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The Foodbank is the Canary in the Coalmine of Neoliberalism

A callous welfare system, wage poverty, austerity and, now, the COVID-19 pandemic have resulted in a 33 per cent increase in Trussell Trust foodbank use between 2019-20 and 2020-21.  The Trussell Trust’s network of 1,471 foodbanks in England, Scotland, Wales and the north of Ireland distributed 2.4 million emergency food parcels to ‘people in crisis’ from April 2020 to March 2021, 980,000 of whom were children.  The extraordinary scaling up of foodbank use has seen the number of emergency food parcels increase from 61,000 in 2010-11 to more than two million a decade later. 

This timescale coincided with the aftershocks of the 2008 global financial crisis when ‘neo-liberal economic orthodoxy that ran the world for 30 years suffered a heart attack of epic proportions’.   The austerity-driven response to the crisis in the UK saw the poverty gap widen, life expectancy stop growing, home ownership decline and household debt accelerate.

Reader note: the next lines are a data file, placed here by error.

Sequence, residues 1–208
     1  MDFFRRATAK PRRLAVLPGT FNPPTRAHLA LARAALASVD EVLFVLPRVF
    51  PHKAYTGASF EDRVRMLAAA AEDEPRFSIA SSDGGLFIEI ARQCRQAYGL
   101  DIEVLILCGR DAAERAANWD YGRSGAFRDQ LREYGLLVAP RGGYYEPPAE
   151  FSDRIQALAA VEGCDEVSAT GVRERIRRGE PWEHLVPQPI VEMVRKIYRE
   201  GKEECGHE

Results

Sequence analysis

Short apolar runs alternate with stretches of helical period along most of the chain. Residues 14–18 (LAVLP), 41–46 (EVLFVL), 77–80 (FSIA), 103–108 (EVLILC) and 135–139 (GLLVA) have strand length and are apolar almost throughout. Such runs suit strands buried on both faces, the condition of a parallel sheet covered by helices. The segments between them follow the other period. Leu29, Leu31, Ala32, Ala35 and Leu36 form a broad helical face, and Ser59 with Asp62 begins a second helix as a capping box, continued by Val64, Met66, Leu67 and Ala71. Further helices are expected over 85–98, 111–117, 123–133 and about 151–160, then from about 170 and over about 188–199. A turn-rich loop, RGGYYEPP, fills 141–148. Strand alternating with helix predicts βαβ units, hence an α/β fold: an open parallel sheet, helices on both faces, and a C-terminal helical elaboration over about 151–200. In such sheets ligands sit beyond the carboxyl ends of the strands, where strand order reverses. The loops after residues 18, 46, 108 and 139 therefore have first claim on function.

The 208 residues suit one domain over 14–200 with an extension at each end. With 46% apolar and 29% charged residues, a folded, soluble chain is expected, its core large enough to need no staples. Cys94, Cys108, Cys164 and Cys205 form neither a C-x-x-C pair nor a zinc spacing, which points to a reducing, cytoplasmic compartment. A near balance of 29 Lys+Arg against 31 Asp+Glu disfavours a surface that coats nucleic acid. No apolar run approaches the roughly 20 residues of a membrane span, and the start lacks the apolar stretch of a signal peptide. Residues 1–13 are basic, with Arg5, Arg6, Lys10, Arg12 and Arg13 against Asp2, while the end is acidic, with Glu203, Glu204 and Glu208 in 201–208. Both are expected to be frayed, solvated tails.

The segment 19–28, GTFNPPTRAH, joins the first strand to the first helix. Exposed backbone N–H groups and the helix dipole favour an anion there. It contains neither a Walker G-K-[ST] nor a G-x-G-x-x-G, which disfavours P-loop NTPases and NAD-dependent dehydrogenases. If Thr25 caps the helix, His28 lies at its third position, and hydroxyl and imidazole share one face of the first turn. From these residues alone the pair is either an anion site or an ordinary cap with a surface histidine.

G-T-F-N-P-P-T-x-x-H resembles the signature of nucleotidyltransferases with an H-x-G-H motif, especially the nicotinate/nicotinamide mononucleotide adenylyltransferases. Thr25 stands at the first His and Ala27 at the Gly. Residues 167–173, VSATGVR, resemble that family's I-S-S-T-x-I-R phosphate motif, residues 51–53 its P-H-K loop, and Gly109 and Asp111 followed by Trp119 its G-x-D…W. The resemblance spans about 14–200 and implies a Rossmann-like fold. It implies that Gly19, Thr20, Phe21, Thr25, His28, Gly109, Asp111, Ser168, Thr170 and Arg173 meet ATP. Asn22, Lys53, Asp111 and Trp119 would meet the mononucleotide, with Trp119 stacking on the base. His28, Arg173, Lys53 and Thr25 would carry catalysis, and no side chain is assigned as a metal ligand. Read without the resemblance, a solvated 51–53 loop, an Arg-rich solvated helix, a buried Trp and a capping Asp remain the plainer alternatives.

The foodbank has become a barometer of this acceleration of poverty and, the COVID-19 pandemic caused a spike in foodbank visits by 40 per cent in the middle of 2020.  I visited the South-West Foodbank in my constituency of west Belfast which serves a cluster of local communities, that includes a Nationalist and Loyalist interface area.  I aimed to find out how usage has changed during the pandemic. 

The South-West foodbank